Sunday, March 14, 2021

Stuck between cultures in Maya Da-Rin's serene, sad and beautiful immigrant-in-his-own-country tale, THE FEVER

It was not until the finale of THE FEVER that I realized how much in common this lovely little movie has with one of 2018's best films, Leave No Trace. Not that this is in any way intentional, but the ending of the two films are remarkably similar, as is the father-daughter bond in both, as well as hero's inability to handle the culture/society in which he is living. While the father in Debra Granik's film has PTSD, you might easily see the condition of the dad in Maya Da-Rin's new movie as a kind of incipient traumatic stress disorder.

Dad, you see, is a native of an Amazon tribe who, with his now-deceased wife, left his village two decades ago for a better life in "civilization." The past (as well as an ever less positive present) is now making itself felt in alternately strange and unpleasant ways.

As co-writer, Ms Da-Rin (shown at right) keeps things simple and believable, subtle but suggestive. As director, she has a keen eye; her film is slow, precise and beautifully composed. 

Da-Rin is blessed to have cast in her leading role of Justino a non-professional but quite excellent actor, Regis Myrupu (above and below, left), who commands the screen about as quietly and securely as I've yet witnessed from a non-pro. The role of his daughter, played by non-pro newcomer Rosa Peixoto, below, right, is equally well-handled, as are most of the film's many supporting roles.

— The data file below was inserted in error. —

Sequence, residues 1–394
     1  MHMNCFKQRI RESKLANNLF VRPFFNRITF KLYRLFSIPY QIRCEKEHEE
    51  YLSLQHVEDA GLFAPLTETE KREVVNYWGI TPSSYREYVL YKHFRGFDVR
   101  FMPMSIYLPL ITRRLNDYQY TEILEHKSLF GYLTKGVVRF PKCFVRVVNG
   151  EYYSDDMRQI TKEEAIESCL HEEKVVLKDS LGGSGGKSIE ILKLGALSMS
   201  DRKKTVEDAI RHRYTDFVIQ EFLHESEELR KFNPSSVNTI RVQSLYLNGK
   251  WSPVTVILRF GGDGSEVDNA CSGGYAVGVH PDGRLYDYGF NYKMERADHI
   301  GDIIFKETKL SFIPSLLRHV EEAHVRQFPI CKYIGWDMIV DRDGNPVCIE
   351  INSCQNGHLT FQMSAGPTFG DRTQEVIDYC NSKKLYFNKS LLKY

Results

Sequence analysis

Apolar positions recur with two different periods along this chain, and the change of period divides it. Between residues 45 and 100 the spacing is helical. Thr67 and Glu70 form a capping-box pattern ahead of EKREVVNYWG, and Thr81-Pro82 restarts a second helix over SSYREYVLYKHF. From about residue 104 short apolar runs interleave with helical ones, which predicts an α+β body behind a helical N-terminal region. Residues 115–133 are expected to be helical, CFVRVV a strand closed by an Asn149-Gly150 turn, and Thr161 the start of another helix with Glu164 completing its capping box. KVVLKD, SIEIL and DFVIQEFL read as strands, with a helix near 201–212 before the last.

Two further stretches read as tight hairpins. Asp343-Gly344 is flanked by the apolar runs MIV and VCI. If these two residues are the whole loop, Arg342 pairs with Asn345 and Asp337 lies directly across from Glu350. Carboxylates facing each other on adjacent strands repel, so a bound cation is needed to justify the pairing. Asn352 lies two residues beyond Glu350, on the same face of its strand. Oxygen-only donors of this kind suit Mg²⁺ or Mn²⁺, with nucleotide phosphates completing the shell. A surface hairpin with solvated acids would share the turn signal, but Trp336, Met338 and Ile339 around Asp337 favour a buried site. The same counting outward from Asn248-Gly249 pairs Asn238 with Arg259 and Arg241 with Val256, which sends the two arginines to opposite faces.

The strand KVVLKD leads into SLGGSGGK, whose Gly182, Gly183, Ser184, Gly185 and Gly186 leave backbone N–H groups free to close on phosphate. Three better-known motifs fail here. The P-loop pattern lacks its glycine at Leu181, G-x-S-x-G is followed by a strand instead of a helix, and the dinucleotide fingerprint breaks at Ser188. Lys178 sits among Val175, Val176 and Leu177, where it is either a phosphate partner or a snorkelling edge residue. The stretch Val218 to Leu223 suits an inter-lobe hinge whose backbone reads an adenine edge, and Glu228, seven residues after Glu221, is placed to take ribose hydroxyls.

Our hero's job at the port -- simply standing and keeping alert -- has got to be one of the most boring ever conceived, and while doing it he encounters both casual, nasty racism from a co-worker and some remarkably adept, by-the-book, not-quite-harassment from his firm's human resources branch. 

On his way home from work at night (above and below), the lure of the rainforest -- the city of Manaus borders the Amazon -- attracts Justino mysteriously and quietly, though probably the least successful portions of the film have to do with his dreams/fantasies/maybe actualities of being pursued by some rainforest creature or being. 

And then there's that titular fever, a low-grade, off-and-on symptom, that bedevils our hero and which his daughter attends to as best she can. 

Family meals provide some respite and communication (and more background for us viewers), and we learn that the daughter, a nurse, has been accepted into a medical school in Brasilia, which means she'll soon be leaving the fold. A visit from Justino's brother and sister-in-law from the tribe helps bring all this to a troubling head.

The great triumph of The Fever is how much we come to feel for (and fear for) Justino, who never complains nor even grows angry (on the surface, at least) at anything he is given to endure. When, finally, he makes a decision, I can't imagine that you'll be able in any way to disagree with it.

Distributed by KimStim, in Portuguese with English subtitles, and running 98 minutes, the movie opens this Friday, March 19, at cinemas (virtual and maybe some brick-and-mortar) across the country. Click here then scroll down to view all currently scheduled playdates, cities and theaters.

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